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NWTF Success Stories

Questions About the Future

With Father’s Day just on the horizon, a hunter reminisces on his observant 7-year-old’s first spring turkey hunt and just how truly special time in the woods together is.

Matt Hammond June 13, 20244 min read
Photo courtesy of Matt Hammond.

Dad, how old do I have to be to go turkey hunting?

My observant 7-year-old had been watching every action as I prepared for the start of Florida’s spring turkey season. I had graciously received an invitation from my friend Jeff to join him for a weekend chasing turkeys in the northcentral part of the state on property that has been in his family since Spanish-controlled Florida. I could see the eager look in Josh’s eyes as he looked on. His curiosity finally got the best of him when the first question bubbled up.

Dad, do you think I could go with you sometime?

Hearing my son flashed me back to when I was just a little older than him, working up the courage to ask my own father to take me hunting for the first time. A quick text to Jeff and our trip doubled to four with Jeff’s youngest son joining us as well. As we readied for the trip over the next several weeks, I could see the same spark inside my son that grew into a burning passion in me.

Dad, what should I wear?

I can only imagine the anticipation he felt because I, too, was counting down the days right along with him. Our mutual impatience provided plenty of opportunities to answer the flood of questions he had. By the time we were two weeks out Josh was chomping at the bit to pack and load up.

Dad, how much longer?

The three-and-a-half-hour trip north, extended by Orlando rush hour traffic, must have seemed like an eternity to an anxious boy. When we finally arrived at our destination, we met Jeff and his son Matthew, an exceptionally bright six-year-old with a wellspring of thoughts to share, at Bass Pro Shops to pick up a few final things for the hunt. Afterward, we talked about our upcoming hunt the next morning over plates of barbeque before finding our motel and prepping for the early morning ahead of us. Before everyone drifted off to dreams of what tomorrow would hold, we left our fledgling hunters with a final piece of advice to ponder – The most important thing you can do to see turkeys tomorrow is be still and quiet – knowing full well this would be no small feat for two energetic boys.

Dad, can I try calling?

Sunrise found us sitting against the base of two ancient southern oaks overlooking a recently harvested stand of pines while the two boys watched the spring woods come alive for the first time. Not long after first light, Jeff motioned that turkeys were in sight. Josh and I watched as a quartet of hens came into view feeding across the clear-cut. Shortly after, they were followed by seven does that filtered along the same path. Both boys practiced yelps on box calls, my son on one I’d purchased as a teenager. After two hours, the attention span of the 6 and 7-year-old boys was exhausted, so Jeff and I rewarded their perseverance with breakfast at the golden arches. I smiled, seeing the relief on their faces from no longer being still and quiet.

Photo courtesy of Matt Hammond.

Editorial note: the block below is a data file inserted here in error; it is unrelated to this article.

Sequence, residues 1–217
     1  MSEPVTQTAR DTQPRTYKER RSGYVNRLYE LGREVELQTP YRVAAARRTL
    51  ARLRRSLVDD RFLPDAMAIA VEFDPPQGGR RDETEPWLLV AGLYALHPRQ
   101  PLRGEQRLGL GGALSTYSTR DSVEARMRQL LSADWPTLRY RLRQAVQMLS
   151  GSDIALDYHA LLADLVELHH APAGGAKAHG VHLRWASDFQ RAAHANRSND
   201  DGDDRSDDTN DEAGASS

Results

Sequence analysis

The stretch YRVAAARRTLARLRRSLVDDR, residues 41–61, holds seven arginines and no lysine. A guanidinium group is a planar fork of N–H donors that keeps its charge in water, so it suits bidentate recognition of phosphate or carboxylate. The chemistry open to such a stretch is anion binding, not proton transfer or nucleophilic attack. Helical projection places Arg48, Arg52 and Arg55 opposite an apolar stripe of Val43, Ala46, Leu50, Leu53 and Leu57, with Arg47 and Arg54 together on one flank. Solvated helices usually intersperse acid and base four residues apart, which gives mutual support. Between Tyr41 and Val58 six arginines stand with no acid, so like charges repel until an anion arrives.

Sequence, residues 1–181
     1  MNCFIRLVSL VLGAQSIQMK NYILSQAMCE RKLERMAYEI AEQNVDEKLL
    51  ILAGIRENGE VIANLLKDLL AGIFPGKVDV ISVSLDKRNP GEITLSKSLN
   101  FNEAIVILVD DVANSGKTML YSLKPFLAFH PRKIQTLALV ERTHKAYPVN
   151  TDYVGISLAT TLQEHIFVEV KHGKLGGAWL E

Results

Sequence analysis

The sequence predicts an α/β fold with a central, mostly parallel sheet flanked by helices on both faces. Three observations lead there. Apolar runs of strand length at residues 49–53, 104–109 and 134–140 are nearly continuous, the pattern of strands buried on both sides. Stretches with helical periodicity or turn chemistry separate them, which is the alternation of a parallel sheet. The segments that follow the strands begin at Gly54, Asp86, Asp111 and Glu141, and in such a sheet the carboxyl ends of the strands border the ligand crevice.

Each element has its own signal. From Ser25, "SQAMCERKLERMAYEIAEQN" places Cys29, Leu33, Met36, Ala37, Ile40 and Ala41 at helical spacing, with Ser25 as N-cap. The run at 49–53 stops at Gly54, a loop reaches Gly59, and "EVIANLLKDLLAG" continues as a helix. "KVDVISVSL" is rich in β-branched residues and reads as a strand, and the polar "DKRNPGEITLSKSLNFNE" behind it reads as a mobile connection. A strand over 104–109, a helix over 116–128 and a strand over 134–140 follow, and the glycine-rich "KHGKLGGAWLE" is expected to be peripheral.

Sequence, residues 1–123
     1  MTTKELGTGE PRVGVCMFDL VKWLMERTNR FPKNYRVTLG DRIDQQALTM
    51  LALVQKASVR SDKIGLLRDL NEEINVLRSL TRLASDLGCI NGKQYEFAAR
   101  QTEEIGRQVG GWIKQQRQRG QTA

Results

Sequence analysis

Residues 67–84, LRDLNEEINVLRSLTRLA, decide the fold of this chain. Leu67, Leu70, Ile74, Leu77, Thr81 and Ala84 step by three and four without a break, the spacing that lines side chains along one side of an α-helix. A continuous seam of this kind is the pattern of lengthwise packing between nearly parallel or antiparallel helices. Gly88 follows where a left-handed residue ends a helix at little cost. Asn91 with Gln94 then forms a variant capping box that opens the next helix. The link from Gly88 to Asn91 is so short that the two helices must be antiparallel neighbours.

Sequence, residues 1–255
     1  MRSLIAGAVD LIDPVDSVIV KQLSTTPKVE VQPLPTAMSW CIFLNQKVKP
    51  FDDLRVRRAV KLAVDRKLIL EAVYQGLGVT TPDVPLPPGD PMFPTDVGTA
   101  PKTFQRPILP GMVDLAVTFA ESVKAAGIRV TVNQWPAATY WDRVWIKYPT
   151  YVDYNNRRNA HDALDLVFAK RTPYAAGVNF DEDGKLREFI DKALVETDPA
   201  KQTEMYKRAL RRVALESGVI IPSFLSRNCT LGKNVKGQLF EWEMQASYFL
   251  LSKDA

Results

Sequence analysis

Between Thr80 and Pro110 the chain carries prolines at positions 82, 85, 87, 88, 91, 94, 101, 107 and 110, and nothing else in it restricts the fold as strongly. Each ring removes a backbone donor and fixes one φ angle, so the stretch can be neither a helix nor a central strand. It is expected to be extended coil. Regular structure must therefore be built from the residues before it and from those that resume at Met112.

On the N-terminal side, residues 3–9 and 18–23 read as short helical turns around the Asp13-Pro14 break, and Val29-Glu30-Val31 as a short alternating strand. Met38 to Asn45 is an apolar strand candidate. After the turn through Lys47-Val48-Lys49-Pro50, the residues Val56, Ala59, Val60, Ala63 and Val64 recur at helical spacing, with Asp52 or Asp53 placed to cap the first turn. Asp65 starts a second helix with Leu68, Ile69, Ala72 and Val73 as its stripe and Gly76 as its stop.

Photo courtesy of Matt Hammond.

Dad, can I try the call with the stick?

Our midday hunt started off on top of a knob where Jeff had been getting regular trail-cam pics of a gobbler showing off in the early afternoon sun. This spot yielded only a distant, preoccupied jake and one napping boy. We decided to relocate to the lee of the hill to get out of the stiff wind blowing across the top. Once resettled Josh asked to try the pot call. With a little tutelage on how to hold the striker, I was impressed by how quickly he was picking up the basics of calling. With my son scratching on the slate, I was caught in a mental lapse when a loud “putt” snapped my attention from my phone to a couple of curious hens who had slipped inside 15 yards to inspect the source of the calls.

Dad, what do turkeys eat?

Lunch at Chick-fil-A filled our hungry stomachs and gave the boys another outlet for their pent-up energy. By our third hunt of the day point, both boys’ capacity for remaining still and quiet was shot. As the sun sunk low on the horizon, Josh and I covered what turkeys eat and where they sleep at night before calling it a day and heading to meet Jeff’s daughter for dinner. By the time we settled into our motel beds, the effects of the day had drained the boys’ youthful exuberance and neither had any problems being still and quiet.

Dad, come check this out!

The second and last morning of our hunt only turned up one hen, but before we headed back home, Jeff took the boys to the back of the property, where a secluded creek and waterfall hid. On our way we somehow snuck up on a group of does oblivious to the antics of two boys stomping out dirt clods. Watching the boys romp through the creek and explore its banks provided the perfect ending to their adventure.

On the drive back home my son and I were both riding on the high of an experience that neither of us would soon forget. I’d be lying if I said that it was easy to push down the desire in me to kill a bird to ensure my son enjoyed his time outdoors. He may or may not have the same passion for hunting or the outdoors that I have, but the lessons he learns from our time spent together will hopefully carry with him wherever his own passions take him.

Filed Under:
  • Healthy Harvests
  • Hunting Heritage